For publications, call: 800.232.3044
Web: www.afb.org

Blind Children’s Center
4120 Marathon Street
Los Angeles, CA 90029-0159
323.664.2153; 800.222.3566
Web: www.blindchildrenscenter.org

National Association for Parents of the Visually Impaired, Inc.
P.O. Box 317
Watertown, MA 02472-0317
617.972.7441; 800.562.6265
Web: www.napvi.org

National Association for Visually Handicapped
22 West 21st Street, 6th Floor
New York, NY 10010
Web: www.navh.org

National Braille Association, Inc. (NBA)
3 Townline Circle
Rochester, NY 14623-2513
Web: www.nationalbraille.org

National Braille Press
88 St. Stephen Street
Boston, MA 02115
617.266.6160; 800.548.7323
Web: www.nbp.org

National Eye Institute
31 Center Drive, MSC 2510
Bethesda, MD 20892-2510
Web: www.nei.nih.gov

National Federation of the Blind, Parents Division
1800 Johnson Street
Baltimore, MD 21230
410.659.9314, ext. 360
Web: www.nfb.org/nopbc.htm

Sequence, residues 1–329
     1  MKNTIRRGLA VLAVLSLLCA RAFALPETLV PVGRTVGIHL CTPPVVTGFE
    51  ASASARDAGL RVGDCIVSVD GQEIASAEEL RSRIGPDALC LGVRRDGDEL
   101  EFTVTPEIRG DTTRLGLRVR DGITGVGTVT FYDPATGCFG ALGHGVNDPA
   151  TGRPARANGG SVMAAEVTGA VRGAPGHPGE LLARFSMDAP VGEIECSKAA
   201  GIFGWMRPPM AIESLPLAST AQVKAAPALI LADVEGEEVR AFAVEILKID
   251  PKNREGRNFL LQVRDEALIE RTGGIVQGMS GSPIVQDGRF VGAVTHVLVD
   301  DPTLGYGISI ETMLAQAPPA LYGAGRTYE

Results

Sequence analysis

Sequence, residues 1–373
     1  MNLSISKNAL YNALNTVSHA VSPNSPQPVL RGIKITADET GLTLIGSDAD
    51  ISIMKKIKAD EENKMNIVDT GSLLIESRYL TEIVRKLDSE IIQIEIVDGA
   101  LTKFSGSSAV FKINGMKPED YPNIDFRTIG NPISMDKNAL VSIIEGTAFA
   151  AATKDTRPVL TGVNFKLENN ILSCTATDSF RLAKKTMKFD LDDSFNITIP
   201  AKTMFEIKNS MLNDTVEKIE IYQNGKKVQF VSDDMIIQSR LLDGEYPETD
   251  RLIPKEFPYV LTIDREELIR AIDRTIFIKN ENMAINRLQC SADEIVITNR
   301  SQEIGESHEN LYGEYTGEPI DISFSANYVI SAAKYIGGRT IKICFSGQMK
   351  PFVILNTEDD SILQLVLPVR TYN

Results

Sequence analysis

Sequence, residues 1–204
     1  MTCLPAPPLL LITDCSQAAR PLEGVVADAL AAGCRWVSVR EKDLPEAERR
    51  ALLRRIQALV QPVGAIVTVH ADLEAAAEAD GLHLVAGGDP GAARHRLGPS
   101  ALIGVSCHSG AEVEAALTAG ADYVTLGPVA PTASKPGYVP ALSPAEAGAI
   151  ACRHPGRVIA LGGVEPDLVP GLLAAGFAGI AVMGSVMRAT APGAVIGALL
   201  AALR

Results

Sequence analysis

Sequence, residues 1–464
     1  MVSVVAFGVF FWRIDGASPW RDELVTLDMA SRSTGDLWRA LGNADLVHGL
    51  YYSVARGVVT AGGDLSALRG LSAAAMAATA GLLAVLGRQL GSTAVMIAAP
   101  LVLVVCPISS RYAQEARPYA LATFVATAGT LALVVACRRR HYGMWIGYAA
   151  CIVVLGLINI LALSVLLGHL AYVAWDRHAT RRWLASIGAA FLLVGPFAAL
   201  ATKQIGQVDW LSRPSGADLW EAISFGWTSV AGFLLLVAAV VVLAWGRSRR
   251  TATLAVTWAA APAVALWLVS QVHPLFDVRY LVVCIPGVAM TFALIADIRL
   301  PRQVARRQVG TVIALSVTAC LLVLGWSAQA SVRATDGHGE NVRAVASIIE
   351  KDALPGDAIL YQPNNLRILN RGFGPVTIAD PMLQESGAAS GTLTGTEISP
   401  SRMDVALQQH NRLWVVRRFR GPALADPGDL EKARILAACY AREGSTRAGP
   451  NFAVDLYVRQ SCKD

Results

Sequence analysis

National Library Service for the Blind and Physically Handicapped
Library of Congress
1291 Taylor Street, N.W.
Washington, D.C. 20011
202.707.5100; 202.707.0744 (TTY); 800.424.8567 (Toll Free)
Web: www.loc.gov/nls

Prevent Blindness America
500 E. Remington Road
Schaumburg, IL 60173
847.843.2020; 800.221.3004 (Toll Free)
Web: www.preventblindness.org

The Foundation Fighting Blindness (formerly the National
Retinitis Pigmentosa Foundation)
11435 Cronhill Drive
Owings Mills, MD 21117-2220
888.394.3937; 800.683.5551 (TTY)
410.568.0150; 410.363.7139 (TTY)
Web: www.blindness.org

Publication of this document is made possible through a Cooperative Agreement between the Academy for Educational Development and the Office of Special Education Programs of the U.S. Department of Education. The contents of this document do not necessarily reflect the views or policies of the Department of Education, nor does mention of trade names, commercial products, or organizations imply endorsement by the U.S. Government.

P.O. Box 1492
Washington, DC 20013
(800) 695-0285 · v/tty
(202) 884-8441 · fax

January 2004